He noted that African countries had in the last two decades liberalised their economies to attract investments, but said there was the need to make further gains by ensuring good governance.
Kufuor spoke yesterday in Port Harcourt in a keynote address he presented at the 2014 Energy, Environment, and Investment Forum (EEIF) organised by the Rivers state Government, with the theme: Sustainable Energy, The Key to Africa’s World Integration.
According to the former Ghanaian president, who is also the United Nations Secretary-General’s Special Envoy on Climate Change, “In the course of the last two decades, African countries had generally liberalised their economies, by way of all-embracing regulatory reforms, making them investor-friendly.
“Most are practising good governance principles that should attract investment know-how and technology transfer.
"This has engendered an investment atmosphere of serious win-win public-private-partnership possibilities, to develop the African continent.
“However, African countries must make further gains in good governance by ensuring the rule of law, respect for constitutional rights, as well as the predictability of the law and of justice. They should pursue the fight against graft, corruption and malfeasance in government more vigorously. It is when these are pursued that investor confidence will be buoyed and the needed domestic and foreign investments will be realised.”
He also noted that Africa has abundant and year-round sunshine which could be tapped for ambitious solar energy generation for our use and for export, granted that the necessary transformational technological transfer would be available to make it affordable.
He called on African countries, especially those with vast areas of desert land, to embark on a vigorous regimen of energy production from solar and wind sources for domestic use and for export.
“We should immediately start investing in Sustainable Energy on a grand scale because not only is it the right thing to do, but also the necessary thing to do as we seek the sustainability of our planet and world integration,” he said.
“Indeed, in some parts of Africa, measures of health standards have rather declined. What seemed to have escaped the development planners when fashioning out these MDGs, is probably the appreciation of the centrality of energy access to all facets of human endeavours. They ostensibly failed to factor energy access as a critical and catalytic development goal needing its own specific and unequivocal objective of attainment.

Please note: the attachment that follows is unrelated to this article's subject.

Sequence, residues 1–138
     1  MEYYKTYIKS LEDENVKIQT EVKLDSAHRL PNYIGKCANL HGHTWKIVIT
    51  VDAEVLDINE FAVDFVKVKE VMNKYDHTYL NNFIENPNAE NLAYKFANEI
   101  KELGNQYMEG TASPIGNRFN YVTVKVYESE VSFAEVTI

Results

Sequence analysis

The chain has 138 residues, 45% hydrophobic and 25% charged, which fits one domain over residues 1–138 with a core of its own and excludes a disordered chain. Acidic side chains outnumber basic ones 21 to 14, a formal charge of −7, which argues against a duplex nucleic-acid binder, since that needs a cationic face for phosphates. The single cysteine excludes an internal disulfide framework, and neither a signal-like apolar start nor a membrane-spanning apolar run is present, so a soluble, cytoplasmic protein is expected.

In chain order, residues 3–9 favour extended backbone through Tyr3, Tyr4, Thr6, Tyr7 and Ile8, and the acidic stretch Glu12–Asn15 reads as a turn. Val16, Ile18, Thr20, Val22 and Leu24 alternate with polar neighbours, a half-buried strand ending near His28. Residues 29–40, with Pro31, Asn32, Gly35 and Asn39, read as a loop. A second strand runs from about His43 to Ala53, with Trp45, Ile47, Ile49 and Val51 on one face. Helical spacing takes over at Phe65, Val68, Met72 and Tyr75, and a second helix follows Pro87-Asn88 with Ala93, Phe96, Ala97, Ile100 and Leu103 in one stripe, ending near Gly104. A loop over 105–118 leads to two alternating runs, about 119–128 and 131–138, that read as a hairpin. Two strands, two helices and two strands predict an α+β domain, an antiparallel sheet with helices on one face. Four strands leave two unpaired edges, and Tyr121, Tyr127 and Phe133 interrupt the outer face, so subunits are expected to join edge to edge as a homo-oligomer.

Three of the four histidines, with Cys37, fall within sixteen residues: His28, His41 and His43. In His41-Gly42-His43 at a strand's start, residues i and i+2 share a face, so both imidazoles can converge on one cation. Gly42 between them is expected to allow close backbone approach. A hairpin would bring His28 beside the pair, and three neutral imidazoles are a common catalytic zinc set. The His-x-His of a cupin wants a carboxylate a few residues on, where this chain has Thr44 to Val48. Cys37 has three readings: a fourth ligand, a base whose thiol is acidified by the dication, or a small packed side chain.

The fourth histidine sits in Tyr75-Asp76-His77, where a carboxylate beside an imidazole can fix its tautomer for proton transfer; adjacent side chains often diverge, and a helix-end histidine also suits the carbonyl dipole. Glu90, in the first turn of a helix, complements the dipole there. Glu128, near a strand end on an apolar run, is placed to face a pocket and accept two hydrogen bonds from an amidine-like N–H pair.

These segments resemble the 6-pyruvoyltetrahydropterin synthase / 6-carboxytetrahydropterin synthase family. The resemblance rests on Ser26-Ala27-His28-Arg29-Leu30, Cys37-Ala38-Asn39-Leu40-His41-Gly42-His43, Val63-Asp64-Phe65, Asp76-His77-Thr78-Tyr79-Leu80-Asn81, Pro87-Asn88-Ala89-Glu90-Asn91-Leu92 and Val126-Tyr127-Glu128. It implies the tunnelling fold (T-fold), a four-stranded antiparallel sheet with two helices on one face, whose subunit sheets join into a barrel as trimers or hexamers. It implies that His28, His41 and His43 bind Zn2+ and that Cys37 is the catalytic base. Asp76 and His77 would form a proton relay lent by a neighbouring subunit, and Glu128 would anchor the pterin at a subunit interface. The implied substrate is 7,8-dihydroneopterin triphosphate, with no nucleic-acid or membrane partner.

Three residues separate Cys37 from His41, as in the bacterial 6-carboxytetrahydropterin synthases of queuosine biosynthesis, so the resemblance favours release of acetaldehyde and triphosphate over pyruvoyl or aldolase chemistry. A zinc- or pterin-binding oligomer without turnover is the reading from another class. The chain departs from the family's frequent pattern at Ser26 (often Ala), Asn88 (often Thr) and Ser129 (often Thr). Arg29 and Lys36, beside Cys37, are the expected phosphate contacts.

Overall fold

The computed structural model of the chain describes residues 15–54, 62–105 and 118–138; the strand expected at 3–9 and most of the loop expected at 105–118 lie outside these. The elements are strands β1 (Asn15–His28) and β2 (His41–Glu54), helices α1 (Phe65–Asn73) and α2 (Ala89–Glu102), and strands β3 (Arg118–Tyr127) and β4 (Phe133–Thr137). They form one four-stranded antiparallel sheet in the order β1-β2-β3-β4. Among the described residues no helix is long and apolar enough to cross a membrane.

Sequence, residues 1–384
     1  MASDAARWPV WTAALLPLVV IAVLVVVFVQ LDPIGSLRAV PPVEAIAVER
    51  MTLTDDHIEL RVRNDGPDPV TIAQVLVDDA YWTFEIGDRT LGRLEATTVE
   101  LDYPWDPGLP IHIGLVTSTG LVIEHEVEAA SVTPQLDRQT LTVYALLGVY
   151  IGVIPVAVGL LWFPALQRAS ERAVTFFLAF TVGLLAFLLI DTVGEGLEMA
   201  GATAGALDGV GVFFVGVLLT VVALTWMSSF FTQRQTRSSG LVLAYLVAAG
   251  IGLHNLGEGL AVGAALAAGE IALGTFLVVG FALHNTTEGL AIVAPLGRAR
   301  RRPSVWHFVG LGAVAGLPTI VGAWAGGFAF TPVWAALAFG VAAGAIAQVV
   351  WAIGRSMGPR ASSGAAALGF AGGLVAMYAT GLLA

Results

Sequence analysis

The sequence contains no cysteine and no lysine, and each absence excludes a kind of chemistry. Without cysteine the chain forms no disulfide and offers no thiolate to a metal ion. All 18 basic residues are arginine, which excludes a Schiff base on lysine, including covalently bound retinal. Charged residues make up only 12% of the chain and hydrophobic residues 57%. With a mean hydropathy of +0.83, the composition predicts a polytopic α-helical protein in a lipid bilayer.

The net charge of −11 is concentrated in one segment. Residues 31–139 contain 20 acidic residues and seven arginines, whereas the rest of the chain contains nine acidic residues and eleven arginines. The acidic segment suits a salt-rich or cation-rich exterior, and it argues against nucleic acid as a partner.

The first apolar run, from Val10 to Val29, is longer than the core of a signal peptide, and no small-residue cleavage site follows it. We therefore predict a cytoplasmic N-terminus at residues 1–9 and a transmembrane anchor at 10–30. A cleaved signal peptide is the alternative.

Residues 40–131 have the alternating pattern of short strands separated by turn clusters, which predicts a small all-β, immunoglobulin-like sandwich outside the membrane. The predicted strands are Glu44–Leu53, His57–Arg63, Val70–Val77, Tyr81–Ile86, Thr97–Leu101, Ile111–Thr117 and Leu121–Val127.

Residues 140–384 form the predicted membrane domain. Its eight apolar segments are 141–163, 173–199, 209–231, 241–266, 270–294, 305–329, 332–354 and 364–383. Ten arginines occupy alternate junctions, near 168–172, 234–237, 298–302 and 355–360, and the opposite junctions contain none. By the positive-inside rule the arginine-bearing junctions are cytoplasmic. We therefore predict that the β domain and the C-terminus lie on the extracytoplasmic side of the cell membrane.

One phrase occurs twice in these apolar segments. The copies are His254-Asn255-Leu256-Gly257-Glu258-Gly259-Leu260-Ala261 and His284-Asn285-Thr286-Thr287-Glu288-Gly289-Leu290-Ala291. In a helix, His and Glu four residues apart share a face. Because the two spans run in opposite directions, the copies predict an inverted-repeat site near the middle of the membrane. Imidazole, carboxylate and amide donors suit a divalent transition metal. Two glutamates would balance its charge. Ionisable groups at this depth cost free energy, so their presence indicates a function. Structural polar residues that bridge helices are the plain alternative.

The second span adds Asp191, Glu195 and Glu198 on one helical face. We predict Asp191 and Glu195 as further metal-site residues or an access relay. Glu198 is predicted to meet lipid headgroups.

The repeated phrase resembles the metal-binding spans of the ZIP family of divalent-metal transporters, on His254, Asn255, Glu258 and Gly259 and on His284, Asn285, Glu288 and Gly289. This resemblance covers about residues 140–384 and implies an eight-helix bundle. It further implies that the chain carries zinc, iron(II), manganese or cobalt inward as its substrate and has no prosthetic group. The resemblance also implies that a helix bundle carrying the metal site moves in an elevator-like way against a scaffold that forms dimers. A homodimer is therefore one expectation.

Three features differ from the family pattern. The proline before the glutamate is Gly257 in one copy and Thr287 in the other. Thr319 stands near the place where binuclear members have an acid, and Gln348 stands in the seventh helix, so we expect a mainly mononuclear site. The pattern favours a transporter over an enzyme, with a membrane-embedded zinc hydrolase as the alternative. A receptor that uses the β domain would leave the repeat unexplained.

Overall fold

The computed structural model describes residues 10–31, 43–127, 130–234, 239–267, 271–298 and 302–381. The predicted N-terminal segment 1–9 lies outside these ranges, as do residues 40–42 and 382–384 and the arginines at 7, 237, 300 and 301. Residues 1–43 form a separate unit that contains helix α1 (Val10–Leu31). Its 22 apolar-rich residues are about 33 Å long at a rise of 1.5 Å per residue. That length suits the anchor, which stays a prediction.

Kufuor noted that the World Energy Outlook 2011 Report of the International Energy Agency had said there were 1.3 billion people around the world in developing countries without access to electricity, and more than 2.7 billion forced to cook with solid biomass, mostly using insufficient and polluting technologies.
“This is a large portion of the world’s population confronted with absolute energy poverty. These people are trapped in the vicious cycle of poverty,” he said.
Earlier in his welcome address, Rivers State governor, Rt. Hon. Chibuike Amaechi, described energy as the bond that connects economic, social, and environmental development, saying that no country can successfully reduce poverty without adequately addressing its energy needs.
Amaechi said; “Energy is the bond that connects economic, social, and environmental development. It is a launching pad for economic growth and plays a pivotal role in any attempt to achieve sustainable development. No country can successfully reduce poverty without adequately addressing its energy needs.”
He stated that his administration embarked on several projects to increase the availability of power in the state, including the construction of new power projects and rehabilitated old ones, pointing out that the focus of his administration was to achieve uninterrupted power supply across the state in 2015.
Amaechi noted that Nigeria was experiencing security challenges, but expressed optimism that the country would overcome the obstacles to development.